[PaleoMammalogy • 2015]
Horopeta umarere • The Earliest Gulp-feeding Mysticetes (Cetacea: Mysticeti) from the Oligocene of New Zealand
|Horopeta umarere Tsai & Fordyce, 2015|
Fig. 1 Excavation of Horopeta umarere OU21982. b, excavation site, Craig Jones with recovered skull block; c, initially prepared skull block, from underside.
photos: R Ewan Fordyce || DOI: 10.1007/s10914-015-9290-0
Horopeta umarere is a new genus and species of extinct baleen whales from the Kokoamu Greensand (early Chattian, Oligocene, in the range 25–27 Ma), Hakataramea Valley, New Zealand. The geological age makes Horopeta umarere one of the earliest named baleen whales. Phylogenetic analysis indicates that Horopeta umarere may be the earliest crown Mysticeti (the sister taxon to Cetotheriidae), or the sister species to the crown Mysticeti; it is clearly not a species of Eomysticetidae. Estimated skull and body length of Horopeta umarere are 1.5-1.6 m and 6.5-7.5 m, respectively. Horopeta umarere shows some features that are linked to gulp feeding as seen in living humpback and rorquals: laterally bowed and robust mandible, D-shaped to teardrop-shaped mandible in cross-section, and posterolaterally deflected triangular coronoid process of the mandible. The sternum of Horopeta umarere is elongate, rod-shaped, and dorsoventrally stout with bilateral anterior and posterior rugose protrusions, indicating the presence of at least two pairs of ribs or costal cartilages. The structure of the skull and mandible are consistent with the use of gulp feeding, but the sternal morphology and rib attachments suggest an early evolutionary stage in gulp feeding employment, where more complex rib attachment may restrict the volume of water and food taken in one gulp compared to living humpback and rorquals. Thus, the morphology of Horopeta umarere has implications for the emergence of gulp feeding in baleen whale evolution as well as the emergence of the crown Mysticeti.
Keywords: Baleen whale, Rorqual, Skull, Fossil, Evolution
Cetacea Brisson, 1762
Mysticeti Gray, 1864
Horopeta umarere, gen. et. sp. nov.
LSID (Life Science Identifiers) LSID: urn:lsid:zoobank.org:pub:43A7AAD3-1E12-4648-A4A2-38C7B605048D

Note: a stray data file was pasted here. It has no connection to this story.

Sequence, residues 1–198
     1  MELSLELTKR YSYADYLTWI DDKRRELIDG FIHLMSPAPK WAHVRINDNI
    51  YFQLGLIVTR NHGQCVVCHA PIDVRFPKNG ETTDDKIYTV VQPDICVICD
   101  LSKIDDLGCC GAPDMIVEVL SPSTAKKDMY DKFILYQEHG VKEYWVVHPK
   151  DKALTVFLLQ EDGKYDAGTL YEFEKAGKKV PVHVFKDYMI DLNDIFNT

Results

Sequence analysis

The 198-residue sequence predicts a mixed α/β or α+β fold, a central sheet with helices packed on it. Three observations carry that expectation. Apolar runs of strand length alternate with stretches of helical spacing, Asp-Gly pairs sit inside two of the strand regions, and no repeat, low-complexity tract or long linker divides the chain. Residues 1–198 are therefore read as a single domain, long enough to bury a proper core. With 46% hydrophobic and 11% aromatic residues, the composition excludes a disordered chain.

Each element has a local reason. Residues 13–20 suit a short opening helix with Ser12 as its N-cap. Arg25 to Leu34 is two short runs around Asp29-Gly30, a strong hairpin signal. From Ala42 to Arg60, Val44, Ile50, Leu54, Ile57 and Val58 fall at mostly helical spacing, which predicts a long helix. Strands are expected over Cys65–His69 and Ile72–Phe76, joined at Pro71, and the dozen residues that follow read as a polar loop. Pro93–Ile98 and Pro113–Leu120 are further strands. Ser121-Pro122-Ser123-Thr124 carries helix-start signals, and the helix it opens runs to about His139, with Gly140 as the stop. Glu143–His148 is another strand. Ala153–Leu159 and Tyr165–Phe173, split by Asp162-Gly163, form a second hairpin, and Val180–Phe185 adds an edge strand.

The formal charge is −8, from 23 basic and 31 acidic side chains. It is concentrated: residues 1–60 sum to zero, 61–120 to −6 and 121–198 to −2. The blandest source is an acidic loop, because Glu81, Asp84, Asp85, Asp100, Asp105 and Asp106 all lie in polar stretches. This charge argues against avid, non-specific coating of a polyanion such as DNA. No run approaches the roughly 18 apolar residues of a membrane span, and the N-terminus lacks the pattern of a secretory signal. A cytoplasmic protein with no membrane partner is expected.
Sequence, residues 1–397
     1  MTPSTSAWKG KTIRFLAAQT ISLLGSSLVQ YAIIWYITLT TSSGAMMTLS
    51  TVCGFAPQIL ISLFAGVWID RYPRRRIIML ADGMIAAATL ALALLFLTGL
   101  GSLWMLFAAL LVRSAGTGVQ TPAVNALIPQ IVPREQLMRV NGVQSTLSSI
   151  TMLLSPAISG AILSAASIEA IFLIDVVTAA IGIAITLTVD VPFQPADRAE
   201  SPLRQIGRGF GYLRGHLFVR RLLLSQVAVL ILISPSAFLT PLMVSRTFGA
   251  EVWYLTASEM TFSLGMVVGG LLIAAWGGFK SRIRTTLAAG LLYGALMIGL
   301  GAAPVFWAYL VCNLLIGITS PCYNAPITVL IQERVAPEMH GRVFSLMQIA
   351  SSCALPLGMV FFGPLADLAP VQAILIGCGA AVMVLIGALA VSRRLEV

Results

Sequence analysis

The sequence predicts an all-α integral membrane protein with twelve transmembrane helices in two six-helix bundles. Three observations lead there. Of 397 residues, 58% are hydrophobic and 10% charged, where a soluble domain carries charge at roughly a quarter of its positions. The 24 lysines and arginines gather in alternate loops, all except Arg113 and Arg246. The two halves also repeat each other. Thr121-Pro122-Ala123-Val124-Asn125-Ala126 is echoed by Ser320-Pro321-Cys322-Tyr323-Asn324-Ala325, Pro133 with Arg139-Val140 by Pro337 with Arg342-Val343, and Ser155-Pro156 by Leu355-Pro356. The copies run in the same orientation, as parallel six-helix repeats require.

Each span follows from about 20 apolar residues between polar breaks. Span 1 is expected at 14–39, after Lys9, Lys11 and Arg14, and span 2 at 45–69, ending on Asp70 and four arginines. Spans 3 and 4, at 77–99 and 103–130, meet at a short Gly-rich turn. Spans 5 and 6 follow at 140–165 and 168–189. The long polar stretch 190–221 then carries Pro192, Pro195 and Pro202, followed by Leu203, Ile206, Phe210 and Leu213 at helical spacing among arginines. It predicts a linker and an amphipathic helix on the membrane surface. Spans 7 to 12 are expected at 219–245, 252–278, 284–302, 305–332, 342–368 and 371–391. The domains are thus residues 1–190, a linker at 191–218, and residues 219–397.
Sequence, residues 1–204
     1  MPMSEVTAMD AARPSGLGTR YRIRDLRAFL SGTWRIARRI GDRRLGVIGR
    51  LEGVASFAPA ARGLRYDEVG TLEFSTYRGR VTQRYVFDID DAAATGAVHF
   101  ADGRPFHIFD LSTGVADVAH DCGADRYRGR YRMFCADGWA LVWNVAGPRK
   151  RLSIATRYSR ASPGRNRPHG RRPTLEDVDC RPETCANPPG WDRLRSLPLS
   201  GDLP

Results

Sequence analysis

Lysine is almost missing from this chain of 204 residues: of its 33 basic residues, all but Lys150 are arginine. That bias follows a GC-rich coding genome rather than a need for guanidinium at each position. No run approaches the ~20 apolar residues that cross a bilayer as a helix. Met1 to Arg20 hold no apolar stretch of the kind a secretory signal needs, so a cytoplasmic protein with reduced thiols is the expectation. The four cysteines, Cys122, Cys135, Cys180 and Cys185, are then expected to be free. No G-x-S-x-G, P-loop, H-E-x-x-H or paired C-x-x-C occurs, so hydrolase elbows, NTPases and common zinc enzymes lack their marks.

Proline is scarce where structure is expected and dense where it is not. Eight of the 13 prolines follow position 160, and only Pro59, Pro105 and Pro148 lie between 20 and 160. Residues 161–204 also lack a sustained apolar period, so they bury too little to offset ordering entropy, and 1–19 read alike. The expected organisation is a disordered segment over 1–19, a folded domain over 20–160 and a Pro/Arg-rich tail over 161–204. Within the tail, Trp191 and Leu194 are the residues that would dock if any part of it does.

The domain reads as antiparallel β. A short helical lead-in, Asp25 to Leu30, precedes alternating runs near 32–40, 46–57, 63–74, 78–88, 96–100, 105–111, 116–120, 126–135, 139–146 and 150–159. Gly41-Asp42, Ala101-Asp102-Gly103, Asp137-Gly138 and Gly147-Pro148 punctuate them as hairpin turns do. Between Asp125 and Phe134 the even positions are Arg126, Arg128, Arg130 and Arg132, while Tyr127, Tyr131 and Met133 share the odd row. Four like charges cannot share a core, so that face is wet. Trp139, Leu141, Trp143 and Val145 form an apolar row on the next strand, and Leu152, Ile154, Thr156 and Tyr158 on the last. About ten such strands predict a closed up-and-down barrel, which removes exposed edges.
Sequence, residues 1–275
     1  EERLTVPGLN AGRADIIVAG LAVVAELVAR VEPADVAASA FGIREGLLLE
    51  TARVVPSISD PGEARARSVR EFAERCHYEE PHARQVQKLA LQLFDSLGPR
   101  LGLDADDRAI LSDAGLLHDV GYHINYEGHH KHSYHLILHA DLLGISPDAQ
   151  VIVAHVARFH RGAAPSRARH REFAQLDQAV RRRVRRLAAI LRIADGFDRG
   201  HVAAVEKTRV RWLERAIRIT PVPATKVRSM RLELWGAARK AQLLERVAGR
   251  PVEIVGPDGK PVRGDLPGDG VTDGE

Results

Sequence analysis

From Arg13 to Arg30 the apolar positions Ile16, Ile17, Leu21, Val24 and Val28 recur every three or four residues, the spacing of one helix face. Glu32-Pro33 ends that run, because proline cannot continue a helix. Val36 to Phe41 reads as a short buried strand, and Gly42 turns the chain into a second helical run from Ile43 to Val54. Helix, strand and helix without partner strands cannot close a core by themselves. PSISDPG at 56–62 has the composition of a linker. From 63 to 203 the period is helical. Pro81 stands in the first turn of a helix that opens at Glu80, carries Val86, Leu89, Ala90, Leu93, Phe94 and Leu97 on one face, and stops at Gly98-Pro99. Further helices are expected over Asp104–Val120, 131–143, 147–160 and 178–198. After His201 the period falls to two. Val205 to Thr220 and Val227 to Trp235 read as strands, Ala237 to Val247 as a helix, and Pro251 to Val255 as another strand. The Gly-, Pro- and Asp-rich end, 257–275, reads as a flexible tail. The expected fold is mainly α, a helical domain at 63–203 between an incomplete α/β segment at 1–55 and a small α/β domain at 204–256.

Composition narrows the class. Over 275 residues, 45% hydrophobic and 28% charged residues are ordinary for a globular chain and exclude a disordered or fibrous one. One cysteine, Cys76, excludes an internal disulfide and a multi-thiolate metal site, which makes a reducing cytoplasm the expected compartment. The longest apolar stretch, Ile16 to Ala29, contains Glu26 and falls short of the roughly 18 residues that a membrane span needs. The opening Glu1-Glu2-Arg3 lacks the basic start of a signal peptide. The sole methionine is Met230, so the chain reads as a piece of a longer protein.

Holotype: Horopeta umarere is known only from the holotype (Fig. 2, OU21982, Geology Museum, University of Otago, Dunedin, New Zealand), which preserves a partial skull, including parts of the maxillae and premaxillae, the dorsal braincase (partial parietal and supraoccipital), exoccipitals, and squamosals, as well as the mandibles, both tympanoperiotic complexes, forelimbs (scapulae, radii, and ulnae), all cervical vertebrae, ten thoracic vertebrae, and two possible lumbar vertebrae, 16 identifiable ribs (eight left, eight right), and sternum.
Locality: OU21982 was recovered by R.E. Fordyce, A. Grebneff, and C.M. Jones, 28 January 1988, from the Hakataramea valley, South Canterbury, South Island, New Zealand (Fig. 1). The locality is an active quarry, variously known as Hurstlea Quarry or Haughs’ Quarry or Haka Lime, currently operated by Transport Waimate Limited. The grid reference is I40: 236137; latitude and longitude are 44°39′41″S and 170°39′00″E. New Zealand Fossil Record locality number for OU21982 is I40/f177.
Horizon: OU21982 was recovered by tunneling (the specimen was originally discovered in section in a steep cliff from the middle Kokoamu Greensand, Duntroonian Stage (in the range 25.2-27.3 Ma; Raine et al. 2012), Chattian, late Oligocene. The lithology is a massive bioturbated to slightly bedded, slightly cemented calcareous greensand with sparse macroinvertebrates (pectinid bivalves, brachiopods). The Kokoamu Greensand is 7 to 8 m thick, and above the cetacean horizon grades up over several meters into the overlying Otekaike Limestone. The exact excavation site of OU21982 (Fig. 1) is about 1 m above a diffuse but distinctive brachiopod- and pectinid-rich shellbed, which is a distinctive regional marker for the base of the Duntroonian Stage in the lower to middle of the Kokoamu Greensand.
Etymology: Horopeta means “gulp or swallow” in Maori, alluding to possible gulp feeding habits. Umarere means unusual or different sternum in Maori. Uma- means sternum or chest bone, and rere stands for unusual or different.
The late Oligocene (early Chattian, 25–27 Ma) Horopeta umarere from New Zealand is described. Horopeta umarere adds to the named baleen whales from the poorly documented Oligocene epoch. Morphological combinations (e.g. mandibular and sternal morphologies) of H. umarere imply an early stage of gulp feeding in baleen whale evolution. We interpret H. umarere as representing the currently earliest described crown Mysticeti.
Cheng-Hsiu Tsai and R. Ewan Fordyce. 2015. The Earliest Gulp-feeding Mysticetes (Cetacea: Mysticeti) from the Oligocene of New Zealand. Journal of Mammalian Evolution. doi: 10.1007/s10914-015-9290-0